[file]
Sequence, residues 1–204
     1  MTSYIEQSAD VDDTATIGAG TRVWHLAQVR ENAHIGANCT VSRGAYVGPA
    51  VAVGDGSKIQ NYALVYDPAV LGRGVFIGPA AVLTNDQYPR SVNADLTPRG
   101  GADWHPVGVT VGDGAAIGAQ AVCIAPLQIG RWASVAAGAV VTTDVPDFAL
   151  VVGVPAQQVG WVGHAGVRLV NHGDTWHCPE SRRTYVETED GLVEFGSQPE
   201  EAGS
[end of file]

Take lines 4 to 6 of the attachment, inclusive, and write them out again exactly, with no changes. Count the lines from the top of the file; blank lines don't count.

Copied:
   101  GADWHPVGVT VGDGAAIGAQ AVCIAPLQIG RWASVAAGAV VTTDVPDFAL
   151  VVGVPAQQVG WVGHAGVRLV NHGDTWHCPE SRRTYVETED GLVEFGSQPE
   201  EAGS